Total Body Workout – What Does This Term Exactly Mean? Find Out…

While many of the so called fitness experts and celebrities often push split routines (in which you work a different portion of your body on separate days of the week), I am recommending that you engage in total body workouts.

This means you’ll be training all, or the majority, of your muscles each and every time you workout.

This type of strength training has been documented to be very successful for decades, but even more so if performed with the appropriate volume, frequency, and intensity as recommended in this book.

Split routines can be effective for sure, but what usually happens over time is that they allow you to spend too much time and too many exercises on one particular muscle group when working at a high intensity level.

This can lead to overtraining your individual muscles and your overall body fairly quickly, unless the workouts are spaced with several days of rest between them.

When this happens, you stand to lose much of the fat burning and cardiovascular benefits of training the whole body together, so you’d then have to add separate aerobic sessions into the mix.

Interestingly enough, split routines also became increasingly popular around the same time steroids and other performance enhancing drugs showed up in gyms across the country.

When on substances like these, split routines, or any routine will produce worthwhile results due to steroids’ ability to assist your body’s recovery ability.

Your body is a combination of several parts and systems, and it rests as a whole. It only stands to reason that you should train it as a whole.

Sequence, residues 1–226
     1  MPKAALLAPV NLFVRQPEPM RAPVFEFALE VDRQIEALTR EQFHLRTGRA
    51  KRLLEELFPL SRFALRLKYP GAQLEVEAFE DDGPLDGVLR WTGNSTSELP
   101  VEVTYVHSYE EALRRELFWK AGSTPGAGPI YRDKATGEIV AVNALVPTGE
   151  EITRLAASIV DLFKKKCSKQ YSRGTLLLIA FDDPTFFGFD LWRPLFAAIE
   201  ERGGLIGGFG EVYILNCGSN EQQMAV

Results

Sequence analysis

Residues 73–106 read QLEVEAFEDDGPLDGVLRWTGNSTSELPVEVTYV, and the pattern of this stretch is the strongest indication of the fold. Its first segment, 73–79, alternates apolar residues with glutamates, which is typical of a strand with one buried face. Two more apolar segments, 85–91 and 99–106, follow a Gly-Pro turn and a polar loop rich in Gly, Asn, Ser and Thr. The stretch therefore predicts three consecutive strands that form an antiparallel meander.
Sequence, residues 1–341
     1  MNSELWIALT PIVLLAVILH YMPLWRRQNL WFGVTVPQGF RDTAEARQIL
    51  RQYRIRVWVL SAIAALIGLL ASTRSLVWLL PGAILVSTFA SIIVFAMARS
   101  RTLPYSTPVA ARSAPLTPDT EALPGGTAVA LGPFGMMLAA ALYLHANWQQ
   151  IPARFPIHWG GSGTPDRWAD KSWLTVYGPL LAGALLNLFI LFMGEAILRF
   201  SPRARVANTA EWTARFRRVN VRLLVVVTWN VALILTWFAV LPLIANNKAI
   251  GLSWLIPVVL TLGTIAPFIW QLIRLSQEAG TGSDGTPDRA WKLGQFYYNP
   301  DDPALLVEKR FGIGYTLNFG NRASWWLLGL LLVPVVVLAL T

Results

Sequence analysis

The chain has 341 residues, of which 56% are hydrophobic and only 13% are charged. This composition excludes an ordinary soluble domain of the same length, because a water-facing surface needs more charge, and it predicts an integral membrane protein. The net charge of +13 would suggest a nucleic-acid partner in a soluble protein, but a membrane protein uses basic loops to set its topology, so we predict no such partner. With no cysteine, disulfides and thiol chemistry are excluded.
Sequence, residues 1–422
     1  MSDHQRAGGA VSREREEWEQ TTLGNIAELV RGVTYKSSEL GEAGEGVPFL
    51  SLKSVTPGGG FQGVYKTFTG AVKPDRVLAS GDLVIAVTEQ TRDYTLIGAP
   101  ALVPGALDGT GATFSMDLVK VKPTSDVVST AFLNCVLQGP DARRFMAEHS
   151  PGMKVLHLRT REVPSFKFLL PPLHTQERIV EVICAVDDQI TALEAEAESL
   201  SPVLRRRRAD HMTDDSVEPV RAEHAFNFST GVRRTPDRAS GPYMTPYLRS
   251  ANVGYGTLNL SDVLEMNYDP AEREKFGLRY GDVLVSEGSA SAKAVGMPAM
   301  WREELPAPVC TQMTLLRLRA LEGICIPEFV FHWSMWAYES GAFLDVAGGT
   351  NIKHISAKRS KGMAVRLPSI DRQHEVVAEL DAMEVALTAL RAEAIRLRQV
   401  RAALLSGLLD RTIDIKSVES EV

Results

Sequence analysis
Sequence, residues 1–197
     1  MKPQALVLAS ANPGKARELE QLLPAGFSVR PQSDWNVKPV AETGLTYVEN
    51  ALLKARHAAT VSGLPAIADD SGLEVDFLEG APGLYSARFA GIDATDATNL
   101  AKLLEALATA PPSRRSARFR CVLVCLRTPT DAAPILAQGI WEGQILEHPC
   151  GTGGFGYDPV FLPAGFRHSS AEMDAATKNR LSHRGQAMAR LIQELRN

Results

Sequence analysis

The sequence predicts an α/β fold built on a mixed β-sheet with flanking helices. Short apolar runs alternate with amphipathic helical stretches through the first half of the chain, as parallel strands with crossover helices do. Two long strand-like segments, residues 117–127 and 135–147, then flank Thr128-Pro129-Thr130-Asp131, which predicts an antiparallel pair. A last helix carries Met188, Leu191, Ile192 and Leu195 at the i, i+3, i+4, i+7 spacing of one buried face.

And when you subject your entire body to high intensity strength training at the same time, you burn more calories and, most importantly, generate a larger release of fat burning and muscle building hormones than you would have if you had just trained a section of your body.

This is a very powerful and important point.

In addition, studies have shown it takes, on average, approximately 2-3 days for your muscles to recover from intense weight training exercise.

Why wait a week or more to train that muscle again when it is ready a couple days later?

Full body workouts performed 2 or 3 times per week are perfect for this recovery timeline as you’re working those muscles 2-3 times per week.

Full body workouts also promote balance and symmetry throughout your body…on a split routine, it can be very tempting to skip a workout if it’s one of your least favorite body parts.

Believe me, I’ve skipped many a leg workout in the past when on a split routine because of their grueling nature. I’ve found slipping isn’t so easy with full body routines.

And on a personal note, We tried split routines of all kinds over the years, as well as various full body schedules.

I can tell you that I’ve never experienced the fat-burning, muscle and strength building, and cardiovascular conditioning of full body training with any other method, including split routines.

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